Madden: Print More Relevant Than Ever

Print is more relevant than ever because of the  high levels of trust placed in it by users, in stark contrast to digital media, and its unique ability to communicate in different cognitive modes, BBH London strategy partner Richard Madden has argued.

In a piece for Print Power, Mr Madden  cited research that shows that print media is one of the only media that is able to influence both consumers who are casually browsing and those who are deeply engaged in the medium, making it a unique asset for advertisers.   

Richard said: “System 1 thinking is the kind we use most of the time. In System 1 we are not consciously focused on problem-solving. Instead, we lazily rely on mental rules-of-thumb (“heuristics” is the posh word) to navigate the world around us. Only when we are truly engaged in a task that is new to us do we enter our high-attention System 2 mode.

“We have traditionally considered print advertising as influencing us only when we are in System 2 mode. As a consequence, it is often seen as the medium for conveying information and making reasoned arguments. However, new research shows that it also communicates while we are in System 1 mode. It is one of the only media able to do both.”

Mr Madden, who delivered the keynote speech at Newsworks Effectiveness Summit earlier this year, also pointed to print media’s ability to deliver trust for brands, in sharp to contrast to social media, as trust in institutions and brands drops.

He added: “There are many reasons for this. Principal among them is the editorial environment. People pay for newspapers and magazines, and while they accept or even enjoy the bias exhibited by their preferred titles, they also expect a certain degree of accuracy. The Mediacom study cited above shows that 70 percent of people trust magazines, whereas only 30 percent of people trust social media above magazine media.

“At BBH, press advertising has played an important role in helping us restore trust in large UK brands such as Tesco. In this case, the primary driver in its recovery was a robust and insight-driven strategy, but print played a big part. For Tesco, we prompted customers to reappraise their perception of the brand’s food quality by associating it with emotional moments in their lives.”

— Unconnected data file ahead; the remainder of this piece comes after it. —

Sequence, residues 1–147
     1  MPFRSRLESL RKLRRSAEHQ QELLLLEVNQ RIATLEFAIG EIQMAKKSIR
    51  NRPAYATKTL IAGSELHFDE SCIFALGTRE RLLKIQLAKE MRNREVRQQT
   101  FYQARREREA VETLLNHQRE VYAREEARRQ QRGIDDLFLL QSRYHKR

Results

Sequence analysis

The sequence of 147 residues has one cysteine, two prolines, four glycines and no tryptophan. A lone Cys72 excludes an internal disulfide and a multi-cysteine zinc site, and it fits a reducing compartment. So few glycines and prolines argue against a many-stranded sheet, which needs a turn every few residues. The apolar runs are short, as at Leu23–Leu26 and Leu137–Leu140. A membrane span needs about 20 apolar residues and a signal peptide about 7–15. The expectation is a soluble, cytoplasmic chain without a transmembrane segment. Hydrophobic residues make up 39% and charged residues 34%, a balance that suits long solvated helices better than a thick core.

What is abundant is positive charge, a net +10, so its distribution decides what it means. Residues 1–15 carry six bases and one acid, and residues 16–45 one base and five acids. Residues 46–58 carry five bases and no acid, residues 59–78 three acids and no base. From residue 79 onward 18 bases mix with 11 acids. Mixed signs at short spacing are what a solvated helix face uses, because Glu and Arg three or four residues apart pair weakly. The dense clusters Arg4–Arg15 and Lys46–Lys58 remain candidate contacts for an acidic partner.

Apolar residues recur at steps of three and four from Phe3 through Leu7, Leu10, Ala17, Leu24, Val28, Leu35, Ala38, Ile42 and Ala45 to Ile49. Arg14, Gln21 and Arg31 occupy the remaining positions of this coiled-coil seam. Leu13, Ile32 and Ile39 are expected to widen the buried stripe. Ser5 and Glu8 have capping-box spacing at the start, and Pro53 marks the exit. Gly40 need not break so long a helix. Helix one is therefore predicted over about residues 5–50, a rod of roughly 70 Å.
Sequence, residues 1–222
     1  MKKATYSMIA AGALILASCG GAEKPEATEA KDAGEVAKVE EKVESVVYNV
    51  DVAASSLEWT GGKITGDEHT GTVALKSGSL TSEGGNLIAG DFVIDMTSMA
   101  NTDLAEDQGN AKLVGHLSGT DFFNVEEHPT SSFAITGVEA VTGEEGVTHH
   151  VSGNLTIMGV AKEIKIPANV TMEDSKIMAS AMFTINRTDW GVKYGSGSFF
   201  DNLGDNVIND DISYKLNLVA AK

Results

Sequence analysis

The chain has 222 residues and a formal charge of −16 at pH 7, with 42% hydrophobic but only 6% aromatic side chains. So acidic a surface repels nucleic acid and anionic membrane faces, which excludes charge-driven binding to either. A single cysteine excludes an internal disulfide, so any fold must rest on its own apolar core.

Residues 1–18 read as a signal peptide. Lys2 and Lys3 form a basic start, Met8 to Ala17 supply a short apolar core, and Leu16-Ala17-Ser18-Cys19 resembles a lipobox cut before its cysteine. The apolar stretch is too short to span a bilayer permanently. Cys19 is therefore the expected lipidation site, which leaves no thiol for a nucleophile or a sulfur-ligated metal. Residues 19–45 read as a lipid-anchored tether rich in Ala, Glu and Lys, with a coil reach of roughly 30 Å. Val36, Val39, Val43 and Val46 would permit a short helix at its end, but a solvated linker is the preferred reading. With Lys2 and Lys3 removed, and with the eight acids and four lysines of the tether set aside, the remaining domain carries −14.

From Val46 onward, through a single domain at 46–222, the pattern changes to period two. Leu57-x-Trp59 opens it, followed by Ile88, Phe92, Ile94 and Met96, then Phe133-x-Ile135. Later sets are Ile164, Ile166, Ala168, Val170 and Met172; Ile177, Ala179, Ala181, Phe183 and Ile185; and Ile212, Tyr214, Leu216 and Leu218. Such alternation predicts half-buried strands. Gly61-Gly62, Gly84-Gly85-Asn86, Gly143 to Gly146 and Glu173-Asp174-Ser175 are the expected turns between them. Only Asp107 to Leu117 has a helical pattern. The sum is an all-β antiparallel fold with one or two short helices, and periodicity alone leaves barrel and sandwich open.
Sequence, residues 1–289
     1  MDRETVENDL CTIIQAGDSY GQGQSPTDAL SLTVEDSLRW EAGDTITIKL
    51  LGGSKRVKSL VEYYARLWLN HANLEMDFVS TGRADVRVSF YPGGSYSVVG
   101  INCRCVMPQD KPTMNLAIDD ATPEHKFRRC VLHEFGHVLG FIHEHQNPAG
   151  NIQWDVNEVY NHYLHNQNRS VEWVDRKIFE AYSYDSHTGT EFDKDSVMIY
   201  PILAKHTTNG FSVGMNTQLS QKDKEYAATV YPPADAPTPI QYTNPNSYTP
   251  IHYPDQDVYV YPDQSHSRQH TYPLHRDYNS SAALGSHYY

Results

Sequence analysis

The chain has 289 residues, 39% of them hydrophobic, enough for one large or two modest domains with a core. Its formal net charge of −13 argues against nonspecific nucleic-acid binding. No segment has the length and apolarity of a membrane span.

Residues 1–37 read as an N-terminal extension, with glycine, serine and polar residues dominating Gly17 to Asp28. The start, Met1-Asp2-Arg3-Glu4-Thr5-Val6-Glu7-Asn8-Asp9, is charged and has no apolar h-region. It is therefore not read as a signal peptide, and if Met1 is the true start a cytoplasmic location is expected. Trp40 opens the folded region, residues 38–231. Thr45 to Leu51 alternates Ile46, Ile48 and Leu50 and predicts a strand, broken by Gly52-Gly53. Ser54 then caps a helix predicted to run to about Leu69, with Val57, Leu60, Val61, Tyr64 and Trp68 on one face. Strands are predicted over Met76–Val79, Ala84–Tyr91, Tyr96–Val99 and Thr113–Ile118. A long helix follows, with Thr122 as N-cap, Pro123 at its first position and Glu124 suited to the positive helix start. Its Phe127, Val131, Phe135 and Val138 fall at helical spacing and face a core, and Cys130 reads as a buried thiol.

Mr Madden concluded: “At BBH, some of our most famous ads have made use of print’s ability to land a rational message while leaving a lasting emotional impression, even among those who are just lazily browsing the title.

“Much of our Audi work, for example, combines a factual product point with an image that forms a powerful emotional imprint, sometimes without requiring the reader to even notice the copy. Which, as a former copywriter, is somewhat galling.

“It is possible to argue that more has changed in the world of media in the 30 years since Tim Berners-Lee codified the principles of the World Wide Web than in the 500 years since William Caxton invented moveable type.

“While the latter would be astounded by the achievements of the digital era, he would surely take quiet satisfaction from the fact that so many modern communicators believe print is more relevant than ever.”